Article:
Does your organizational approval process move at the speed of social media?
If not, why not?
Likely each of us has had occasion to marvel at the speed with which news travels online. Watching heat maps of Twitter activity looks eerily like MRI scans of synapses firing in the human brain.
We know that information spreads fast; now we’re trying to understand why. Researchers studying how information becomes viral online have produced some interesting findings. Chief among them is the evidence that social media behavior falls in line with Emotional Contagion Theory (which posits that emotions can travel from person to person like a virus — i.e., that they are contagious).
A recent study of 200,000 users of China’s Sina Weibo (similar to Twitter in the U.S.) found that of all emotions, anger traveled the quickest. It’s not always bad news that travels quickest, however. Jonah Berger of the University of Pennsylvania’s Wharton School found that awe/wonderment traveled faster than anger after an analysis of the sharing patterns of 7,000 New York Times articles. These findings on the emotional motivators were further supported in two high-profile studies of Facebook users.
This research suggests two things:
- It’s never been a worse time to have bad news circulate about your organization.
- It’s never been a better time to have good news circulate about your organization.
A timely response, either to counter negative information about your brand or to amplify positive information, will only continue to become more important.
Further, the massive shift in how people get their news (away from the traditional media toward social platforms) means that companies need to more actively participate in the conversation, as we are all increasingly unable to rely on a neutral third party to mediate the arc of a story.
To borrow a metaphor from one of my colleagues — how fast can your organization “metabolize” new information? What is preventing you from being able to respond quickly and effectively when threats or opportunities present themselves?
There are likely two culprits. First, virtually all organizations are structured to be deliberately slow about communicating to encourage contemplation (something that made sense when folded sheaves of paper had to be delivered door-to-door for news to circulate). Admittedly, this is a challenge currently for publicly-traded companies which are bound by fair disclosure laws — but it will change. Second, bureaucrats within your organization have created fiefdoms for themselves — flowcharted shrines to their own egos that demand review/approval on a volume of information they can’t possibly hope to oversee.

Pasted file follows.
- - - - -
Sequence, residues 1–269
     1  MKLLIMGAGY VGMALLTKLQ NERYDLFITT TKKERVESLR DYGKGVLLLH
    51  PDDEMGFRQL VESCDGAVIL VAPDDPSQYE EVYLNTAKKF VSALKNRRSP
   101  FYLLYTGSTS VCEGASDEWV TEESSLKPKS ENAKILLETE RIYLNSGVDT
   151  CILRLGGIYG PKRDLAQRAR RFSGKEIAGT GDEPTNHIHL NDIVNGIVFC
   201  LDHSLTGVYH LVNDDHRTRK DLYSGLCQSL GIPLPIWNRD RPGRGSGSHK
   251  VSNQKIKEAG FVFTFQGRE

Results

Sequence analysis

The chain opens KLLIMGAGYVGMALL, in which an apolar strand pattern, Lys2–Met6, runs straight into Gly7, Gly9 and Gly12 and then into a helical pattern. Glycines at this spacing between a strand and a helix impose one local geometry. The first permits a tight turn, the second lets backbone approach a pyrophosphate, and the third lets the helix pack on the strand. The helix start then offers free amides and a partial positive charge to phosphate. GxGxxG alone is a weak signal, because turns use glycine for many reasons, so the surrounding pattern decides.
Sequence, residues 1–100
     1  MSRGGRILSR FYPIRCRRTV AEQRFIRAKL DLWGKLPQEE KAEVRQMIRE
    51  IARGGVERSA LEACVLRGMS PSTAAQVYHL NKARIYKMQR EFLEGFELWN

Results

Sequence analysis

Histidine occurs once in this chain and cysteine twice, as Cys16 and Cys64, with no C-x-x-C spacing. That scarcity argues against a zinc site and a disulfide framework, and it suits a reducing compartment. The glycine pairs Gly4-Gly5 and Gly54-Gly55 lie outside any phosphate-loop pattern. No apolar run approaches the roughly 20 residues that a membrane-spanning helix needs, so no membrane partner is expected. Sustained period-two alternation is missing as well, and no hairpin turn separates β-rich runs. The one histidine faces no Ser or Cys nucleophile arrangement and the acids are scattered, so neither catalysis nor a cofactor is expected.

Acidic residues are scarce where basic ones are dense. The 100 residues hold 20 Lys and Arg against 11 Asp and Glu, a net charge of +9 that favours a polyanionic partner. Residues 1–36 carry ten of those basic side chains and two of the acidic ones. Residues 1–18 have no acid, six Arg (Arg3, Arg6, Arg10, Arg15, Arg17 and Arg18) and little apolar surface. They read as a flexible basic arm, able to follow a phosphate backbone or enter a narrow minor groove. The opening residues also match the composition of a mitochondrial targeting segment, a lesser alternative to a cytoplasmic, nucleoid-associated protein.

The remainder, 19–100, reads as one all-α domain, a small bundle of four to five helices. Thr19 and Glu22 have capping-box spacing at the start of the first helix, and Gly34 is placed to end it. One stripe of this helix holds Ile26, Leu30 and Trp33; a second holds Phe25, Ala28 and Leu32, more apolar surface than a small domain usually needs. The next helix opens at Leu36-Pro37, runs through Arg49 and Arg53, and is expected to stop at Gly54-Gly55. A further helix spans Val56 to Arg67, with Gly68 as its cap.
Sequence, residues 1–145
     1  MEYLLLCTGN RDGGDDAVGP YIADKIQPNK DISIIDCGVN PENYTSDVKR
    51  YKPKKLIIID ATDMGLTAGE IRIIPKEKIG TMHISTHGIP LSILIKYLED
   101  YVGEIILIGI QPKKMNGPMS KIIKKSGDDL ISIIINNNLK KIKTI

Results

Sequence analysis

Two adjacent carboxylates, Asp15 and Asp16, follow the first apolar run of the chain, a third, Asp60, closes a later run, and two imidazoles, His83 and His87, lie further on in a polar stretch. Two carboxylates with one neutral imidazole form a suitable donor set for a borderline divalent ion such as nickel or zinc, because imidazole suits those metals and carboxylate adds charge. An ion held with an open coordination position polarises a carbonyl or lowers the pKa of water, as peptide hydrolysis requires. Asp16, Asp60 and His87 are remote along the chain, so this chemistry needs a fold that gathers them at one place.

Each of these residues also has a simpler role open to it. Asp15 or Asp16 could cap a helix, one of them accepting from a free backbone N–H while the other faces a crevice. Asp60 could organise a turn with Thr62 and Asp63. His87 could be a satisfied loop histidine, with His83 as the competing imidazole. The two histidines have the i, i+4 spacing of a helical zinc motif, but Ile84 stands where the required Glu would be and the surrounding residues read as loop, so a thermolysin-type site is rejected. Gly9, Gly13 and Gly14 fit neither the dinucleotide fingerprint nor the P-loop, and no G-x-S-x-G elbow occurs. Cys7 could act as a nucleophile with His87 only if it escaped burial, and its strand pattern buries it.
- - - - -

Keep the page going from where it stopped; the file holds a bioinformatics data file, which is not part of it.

Those layers are speed bumps preventing an effective response to both threats and opportunities.
The solution is trust and empowerment. If you lead an organization, you need to trust your people. They need to be able to trust you in return.
There are a few practical steps you can take to improve your organizational reaction time:
- Free your communicators. Grant them the authority to act immediately in the best interest of the company using their judgment. Back them up when they do. Give them unfettered access to the content experts in your company. Even better — create more communicators by cross-training more people in your organization to share their voice on the company’s behalf (all your employees are brand ambassadors whether or not you want them to be, so equip them for the job).
- Empower your front-line staff. Keep them informed (abandon the false hope that you can keep bad news a secret), and give them the fiscal authority to make things right with consumers. Moreover, treat them as trusted counsel; they are a better well of information about perceptions of your brand than an expensive marketing study.
- Cross-pollinate. Force your marketing, advertising and public relations people to regularly tour your organization — even when you don’t have something to promote (ESPECIALLY if you don’t have something to promote). I guarantee they will find fantastic positive stories waiting to be told.